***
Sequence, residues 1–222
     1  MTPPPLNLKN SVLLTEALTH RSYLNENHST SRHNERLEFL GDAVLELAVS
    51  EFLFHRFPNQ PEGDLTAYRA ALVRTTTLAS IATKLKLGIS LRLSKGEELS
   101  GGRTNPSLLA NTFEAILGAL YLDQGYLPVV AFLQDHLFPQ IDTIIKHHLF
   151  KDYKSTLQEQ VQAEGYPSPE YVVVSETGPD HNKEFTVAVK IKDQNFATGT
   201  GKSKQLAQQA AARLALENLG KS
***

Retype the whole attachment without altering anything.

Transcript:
Sequence, residues 1–222
     1  MTPPPLNLKN SVLLTEALTH RSYLNENHST SRHNERLEFL GDAVLELAVS
    51  EFLFHRFPNQ PEGDLTAYRA ALVRTTTLAS IATKLKLGIS LRLSKGEELS
   101  GGRTNPSLLA NTFEAILGAL YLDQGYLPVV AFLQDHLFPQ IDTIIKHHLF
   151  KDYKSTLQEQ VQAEGYPSPE YVVVSETGPD HNKEFTVAVK IKDQNFATGT
   201  GKSKQLAQQA AARLALENLG KS